★★★★ - STUFF
- Hot on the heels of Greta Gerwig's exquisite Little Women adaptation, comes another cinematic exhumation of a well-loved literary classic.
Bizarrely it originally took 180 years for Jane Austen's 1815 tale about the "perils of misconstrued romance" to reach the big screen, only for two versions to come along at once. A traditional take showcased the talents of Gwyneth Paltrow and Toni Collette, while Amy Heckerling's 1990s Californian high school update Clueless even wowed my English teacher father so much he declared it the best Austen adaptation he'd ever seen.
Twenty-five years on and Kiwi screenwriter Eleanor Catton and American photographer- cum-music-video-director Autumn De Wilde (whose CV includes working with Beck, The Raconteurs and Florence + the Machine) have combined to create a vision that, while returning the story to its 19th Century roots, also serves to highlight what an amazing job Heckerling did in distilling Austen's novel.
For those unfamiliar with the text, Emma. (the film studio adding what those outside of North America know as a full stop, either to establish the movie's "period" drama credentials, or claim this is the final word in adaptations) is the the story of the "handsome, clever, rich" 20-year-old Emma Woodhouse (Anya Taylor-Joy).
Having had "very little to vex or distress her", the Highbury resident spends her time looking after her doting father (a delightful Bill Nighy), matchmaking and "foretelling things". "My greatest amusement in the world," she beams.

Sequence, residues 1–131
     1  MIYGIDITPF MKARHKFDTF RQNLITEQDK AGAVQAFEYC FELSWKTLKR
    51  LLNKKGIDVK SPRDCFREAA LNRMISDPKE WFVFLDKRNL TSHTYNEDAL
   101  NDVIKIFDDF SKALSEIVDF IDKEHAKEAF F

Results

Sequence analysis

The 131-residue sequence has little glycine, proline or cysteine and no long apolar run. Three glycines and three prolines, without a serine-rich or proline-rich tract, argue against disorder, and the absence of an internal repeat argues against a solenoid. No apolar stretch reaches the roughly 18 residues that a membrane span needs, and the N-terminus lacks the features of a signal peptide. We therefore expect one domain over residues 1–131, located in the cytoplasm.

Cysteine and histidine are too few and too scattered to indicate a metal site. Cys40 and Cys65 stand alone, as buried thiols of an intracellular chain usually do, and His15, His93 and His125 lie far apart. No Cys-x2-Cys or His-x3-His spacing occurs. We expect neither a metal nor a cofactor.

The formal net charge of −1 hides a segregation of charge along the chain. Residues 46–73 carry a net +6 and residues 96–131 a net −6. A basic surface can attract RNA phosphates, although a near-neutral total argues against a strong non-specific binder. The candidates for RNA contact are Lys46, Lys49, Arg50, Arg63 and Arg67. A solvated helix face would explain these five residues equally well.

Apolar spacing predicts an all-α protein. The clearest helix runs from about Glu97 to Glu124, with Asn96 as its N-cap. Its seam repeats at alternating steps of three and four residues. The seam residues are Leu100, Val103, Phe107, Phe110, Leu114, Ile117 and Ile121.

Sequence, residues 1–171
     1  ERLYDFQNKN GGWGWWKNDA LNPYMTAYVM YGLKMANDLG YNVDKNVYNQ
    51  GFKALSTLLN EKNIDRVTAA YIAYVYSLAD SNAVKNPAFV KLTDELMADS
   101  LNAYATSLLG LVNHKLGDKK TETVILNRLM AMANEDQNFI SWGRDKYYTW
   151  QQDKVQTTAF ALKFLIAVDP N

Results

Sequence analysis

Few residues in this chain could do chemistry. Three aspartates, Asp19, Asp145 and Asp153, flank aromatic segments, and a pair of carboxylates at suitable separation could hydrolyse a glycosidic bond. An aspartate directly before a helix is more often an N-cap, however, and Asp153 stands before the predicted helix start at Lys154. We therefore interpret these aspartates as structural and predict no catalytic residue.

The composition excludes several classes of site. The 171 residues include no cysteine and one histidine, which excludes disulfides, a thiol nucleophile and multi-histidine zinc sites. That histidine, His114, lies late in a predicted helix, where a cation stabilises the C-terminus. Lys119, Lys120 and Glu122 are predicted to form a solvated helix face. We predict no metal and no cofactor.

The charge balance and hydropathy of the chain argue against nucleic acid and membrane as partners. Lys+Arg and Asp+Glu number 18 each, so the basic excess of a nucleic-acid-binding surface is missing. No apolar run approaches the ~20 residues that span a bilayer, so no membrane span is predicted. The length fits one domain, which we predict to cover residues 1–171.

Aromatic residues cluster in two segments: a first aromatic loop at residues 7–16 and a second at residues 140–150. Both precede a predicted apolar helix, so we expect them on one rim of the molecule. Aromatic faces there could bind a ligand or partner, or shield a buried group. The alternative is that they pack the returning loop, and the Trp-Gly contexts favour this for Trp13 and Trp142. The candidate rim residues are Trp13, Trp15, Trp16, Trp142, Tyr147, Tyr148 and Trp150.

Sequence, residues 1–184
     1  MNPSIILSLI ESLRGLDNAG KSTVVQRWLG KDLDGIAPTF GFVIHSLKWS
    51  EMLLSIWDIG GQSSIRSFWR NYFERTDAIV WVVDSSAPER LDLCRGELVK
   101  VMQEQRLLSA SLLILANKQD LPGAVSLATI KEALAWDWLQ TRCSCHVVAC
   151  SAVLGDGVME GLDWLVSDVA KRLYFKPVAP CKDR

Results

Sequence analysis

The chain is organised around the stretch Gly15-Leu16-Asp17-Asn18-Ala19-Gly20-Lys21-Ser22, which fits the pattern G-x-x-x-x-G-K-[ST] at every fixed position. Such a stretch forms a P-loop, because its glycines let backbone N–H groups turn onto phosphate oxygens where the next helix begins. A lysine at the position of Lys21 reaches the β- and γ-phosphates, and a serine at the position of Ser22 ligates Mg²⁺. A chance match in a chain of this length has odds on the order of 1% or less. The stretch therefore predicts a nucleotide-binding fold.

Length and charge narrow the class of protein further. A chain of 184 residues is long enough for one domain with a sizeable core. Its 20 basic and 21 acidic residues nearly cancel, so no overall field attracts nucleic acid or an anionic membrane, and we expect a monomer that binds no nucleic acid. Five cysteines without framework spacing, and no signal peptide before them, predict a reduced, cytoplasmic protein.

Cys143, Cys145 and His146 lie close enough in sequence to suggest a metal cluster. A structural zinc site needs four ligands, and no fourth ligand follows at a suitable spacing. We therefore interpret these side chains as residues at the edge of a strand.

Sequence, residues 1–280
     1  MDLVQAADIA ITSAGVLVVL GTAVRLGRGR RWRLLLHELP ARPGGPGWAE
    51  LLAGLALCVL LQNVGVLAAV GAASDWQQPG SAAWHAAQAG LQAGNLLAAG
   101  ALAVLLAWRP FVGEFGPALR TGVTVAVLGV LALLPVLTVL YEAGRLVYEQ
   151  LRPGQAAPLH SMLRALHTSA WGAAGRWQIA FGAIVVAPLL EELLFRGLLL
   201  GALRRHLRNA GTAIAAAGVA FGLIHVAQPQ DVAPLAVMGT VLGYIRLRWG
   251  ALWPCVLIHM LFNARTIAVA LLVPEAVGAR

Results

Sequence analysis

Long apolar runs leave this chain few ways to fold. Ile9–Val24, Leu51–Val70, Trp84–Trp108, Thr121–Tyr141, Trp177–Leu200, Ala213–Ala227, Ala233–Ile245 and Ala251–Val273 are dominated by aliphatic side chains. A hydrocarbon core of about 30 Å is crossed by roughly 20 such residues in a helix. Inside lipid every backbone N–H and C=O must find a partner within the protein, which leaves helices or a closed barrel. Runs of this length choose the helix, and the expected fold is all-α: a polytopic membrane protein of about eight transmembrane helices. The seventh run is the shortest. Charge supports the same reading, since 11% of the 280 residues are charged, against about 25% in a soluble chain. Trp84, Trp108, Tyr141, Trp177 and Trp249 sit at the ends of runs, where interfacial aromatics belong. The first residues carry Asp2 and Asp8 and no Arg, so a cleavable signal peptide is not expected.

While suitors for herself have not been in short supply, she has always preferred to focus on the love lives of others. "Fortune I do not want, employment I do not want, consequence do not want."
So when the awkward, gauche ingenue Harriet (Mia Goth) enters her orbit, Emma can't help but "want the best for her"/meddle in her affairs. In her opinion, that means helping her turn down local farmer Mr Martin's (Connor Swindells) proposal and setting Harriet's sights on eligible vicar Mr Elton (Josh O'Connor), much to the disapproval of Emma's old friend George Knightley (Johnny Flynn).
Naturally, this being Austen, there will be tears, entreaties and epiphanies before bedtime.
The first thing that strikes you about De Wilde's version is how sumptuous it looks. The costumes are stunning, the production design top-notch and the camerawork does a magnificent job of highlighting it all. Aurally, it is also a triumph, with David Schweitzer and Isobel Waller Bridge (yes, the all-conquering Phoebe's sister) delivering an eclectic and engaging soundtrack that mixes choral, classical and folk works.
However, the real key to Emma's success is the casting. Nighy and Miranda Hart (as the bumbling, breathless Miss Bates) are terrific in their cameos, while the choice of Goth and Taylor-Joy (best known for their performances in horror movies like Suspiria, The Witch and Split) seems truly inspired. That background helps give Taylor-Joy's Emma an extra edge, with her spiral curls, arch eyebrows and a truly scheming glint in her eye.
That's not the only surprise either. While the sight of a troop of red-caped women may look grimly familiar, Catton's script is actually a little bit cheeky (in more ways than one) –attempting to outdo both Poldarkand Pride and Prejudice in its celebration of the male form – while she also shows she's not above a fart joke.
So while this Emma might not be a compelling or relevant as Little Women, it's still a darn fine two hours of fabulous escapism.
- James Croot, STUFF
Emma is now playing at Light House Cinema!